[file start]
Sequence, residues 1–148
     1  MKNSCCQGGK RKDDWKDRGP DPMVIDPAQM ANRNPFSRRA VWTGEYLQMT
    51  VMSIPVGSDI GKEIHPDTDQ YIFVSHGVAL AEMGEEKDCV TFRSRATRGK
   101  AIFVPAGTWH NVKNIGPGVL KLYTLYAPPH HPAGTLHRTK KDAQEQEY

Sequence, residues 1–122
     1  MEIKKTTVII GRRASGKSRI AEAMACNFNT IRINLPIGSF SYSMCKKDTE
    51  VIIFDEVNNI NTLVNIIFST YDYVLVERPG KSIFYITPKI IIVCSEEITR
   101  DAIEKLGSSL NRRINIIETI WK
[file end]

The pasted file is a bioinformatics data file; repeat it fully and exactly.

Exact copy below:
Sequence, residues 1–148
     1  MKNSCCQGGK RKDDWKDRGP DPMVIDPAQM ANRNPFSRRA VWTGEYLQMT
    51  VMSIPVGSDI GKEIHPDTDQ YIFVSHGVAL AEMGEEKDCV TFRSRATRGK
   101  AIFVPAGTWH NVKNIGPGVL KLYTLYAPPH HPAGTLHRTK KDAQEQEY

Sequence, residues 1–122
     1  MEIKKTTVII GRRASGKSRI AEAMACNFNT IRINLPIGSF SYSMCKKDTE
    51  VIIFDEVNNI NTLVNIIFST YDYVLVERPG KSIFYITPKI IIVCSEEITR
   101  DAIEKLGSSL NRRINIIETI WK